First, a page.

From Sabbath school discussions to blog comments, there’s no doubt that Adventism involves dialectic and debate. Rooted in the rationalism of modernity, with prominent heretics known for doubting this or that belief, many an Adventist conversation devolves into questions of hermeneutics or rhetoric with little attention to Near-Eastern languages, ferreting out footnotes, cultural analysis, or even checking out a monograph or two.
Most debates never get to epistemological assumptions. How do our texts, traditions, experience and our reason represent meaning? Of course it is essential to have these conversations. Humans must share information, define boundaries, grow faith. But all too often it seems that doctrinal or theological debate has to carry most of the burden for defining our faith and we are left with the unbalanced presumption that what someone mentally conceives i.e., believes tells us how spiritual they are.
Let’s face it, Adventism sucks at spirituality. Most folks mix spirituality with everything from defining a campus climate to candles to “spiritual warfare.” We understand the import of the “what” of doctrine, and we increasingly hone the “how” –from keeping the Sabbath to helping the poor. But how many make the connection to the “why” of connection itself.
Too harsh? Define current Adventism. That definition often emphasizes ideas or duties, but are there good spiritual reasons to be Adventist too?
Of course one can argue that spirituality transcends particular religions, but it seems to me that while we rush to debate over the true understanding of say, the nature of Christ or creation, we often don’t stop to ask what a particular belief means for our sectarian spiritual health.
It’s clear how our doctrines function. They are cultural markers, like clothes or language. If someone expresses doubts about a literal six-day creation, it’s fair to ask how that impacts their Sabbath-keeping or their ecology. But outside of emotional displays, it’s hard to tell someone’s spiritual state. And frankly in this economy, is the average Adventist leader, evangelist, seem very concerned. As long as we pay tithe, go to church on Sabbath, don’t question beliefs, and call myself an Adventist, do we have a vested interest in promoting anything deeper than the now old mantra about “a relationship with God.” Every relationship I have is with people in the flesh. At least for me, GOD is a bit more profound than a friend or a lover. Humans require more than relationships. We need spirituality:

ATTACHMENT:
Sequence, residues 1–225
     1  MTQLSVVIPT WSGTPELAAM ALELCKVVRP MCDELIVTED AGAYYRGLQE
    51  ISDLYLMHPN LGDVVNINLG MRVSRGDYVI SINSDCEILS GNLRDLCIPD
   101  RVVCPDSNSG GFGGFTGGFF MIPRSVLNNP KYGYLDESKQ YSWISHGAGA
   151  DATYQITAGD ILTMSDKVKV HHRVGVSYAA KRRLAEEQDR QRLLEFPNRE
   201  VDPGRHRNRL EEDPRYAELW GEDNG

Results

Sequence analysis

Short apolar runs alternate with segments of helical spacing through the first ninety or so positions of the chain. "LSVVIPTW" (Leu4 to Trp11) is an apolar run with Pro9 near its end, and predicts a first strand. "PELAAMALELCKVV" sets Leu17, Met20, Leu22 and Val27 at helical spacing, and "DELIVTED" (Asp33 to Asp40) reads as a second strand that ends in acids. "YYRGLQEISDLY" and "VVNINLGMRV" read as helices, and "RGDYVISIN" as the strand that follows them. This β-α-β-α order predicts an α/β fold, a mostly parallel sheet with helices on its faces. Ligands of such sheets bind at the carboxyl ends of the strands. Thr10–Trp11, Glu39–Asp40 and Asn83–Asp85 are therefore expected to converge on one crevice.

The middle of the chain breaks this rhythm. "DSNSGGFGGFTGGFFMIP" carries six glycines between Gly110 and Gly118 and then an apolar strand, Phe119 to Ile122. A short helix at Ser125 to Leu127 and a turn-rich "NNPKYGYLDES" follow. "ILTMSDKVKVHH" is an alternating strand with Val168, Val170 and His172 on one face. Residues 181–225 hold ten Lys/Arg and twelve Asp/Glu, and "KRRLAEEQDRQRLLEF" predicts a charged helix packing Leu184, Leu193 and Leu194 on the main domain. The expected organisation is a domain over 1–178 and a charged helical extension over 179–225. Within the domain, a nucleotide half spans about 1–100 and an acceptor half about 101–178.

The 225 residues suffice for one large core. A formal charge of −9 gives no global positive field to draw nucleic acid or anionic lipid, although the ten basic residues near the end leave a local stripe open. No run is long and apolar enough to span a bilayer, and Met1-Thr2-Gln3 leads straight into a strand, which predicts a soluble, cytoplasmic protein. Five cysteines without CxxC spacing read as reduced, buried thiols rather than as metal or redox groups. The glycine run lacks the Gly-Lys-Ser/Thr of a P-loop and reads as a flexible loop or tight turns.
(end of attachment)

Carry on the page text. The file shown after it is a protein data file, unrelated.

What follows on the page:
- We need more plain reading of scripture in churches.
- We need more silence.
- We need more varieties of music.
- We need more art.
- We need more experiential sermons applied to contexts. Promote self-awareness mixing: an Adventist, a citizen, an earthling, a spiritual being.
I have occasionally had the chance to practice lectio divina with other Christians. By letting the passage sit in silence and through verbal repetition, the scriptural text takes on richer meaning.
Albert Schweitzer observes:
It is not merely that Paul was the first to champion the rights of thought in Christianity; he has also shown it, for all time, the way it was to go. His great achievement was to grasp, as the thing essential to being a Christian, the experience of union with Christ. Out of the depths of the expectation of the Messiah and of the Messianic world this thought wells up in him, a thought to which expression had already been given by Jesus when He spoke of the mystery of the consecration of believers through fellowship with the unrecognized future Messiah who was dwelling among them. By penetrating to the depths of the temporarily conditioned, Paul wins his way to a spiritual result of permanent value. . . . So we too should claim the right to conceive the idea of union with Jesus on the lines of our own world-view, making it our sole concern to reach the depth of the truly living and spiritual truth (The Mysticism of Paul the Apostle, 377ff).
In reflecting on the revealed truth that Christ dwells among us, this is what’s occurred to me: Not only do we need to pursue spiritual depth for our own sake, but true spirituality moves us – as members of various communities, particularly Adventism – beyond ideological divides and fear of the Other. Why? Because the doctrinal, the social, and the spiritual are interrelated. In John 14 Jesus states: “I am the Way, the Truth, and the Life. . .” Thus, in Christ we have the essence of faith: our ethic, our doctrines, and our life-giving spiritual connections. As Rick Rice might say: behaving, believing, and belonging.
Yesterday, I had a conversation with David Asscherick, one of the subjects of this weekend’s reporting. Through our spirited and ultimately constructive conversation, I found a brother in Christ. We concluded the call by both praying. Our ideological frameworks did not shift much, but our connection improved, in part, because we shared the spiritual.
In fact, I think that it’s the spiritual that saves us – individuals and communities – from destroying ourselves. It’s easy for liberals to prioritize ethics and for conservatives to focus on doctrine. I think that spirituality – Connected Life – is what helps both sides find equipoise. This spiritual symmetry occurs, not by focusing on the Other side, but by looking inward and BEYOND.
Now I wonder: Where can we emphasize the spiritual in Adventism?
Now modified, this originally appeared in May 2007 on the old Spectrum Blog.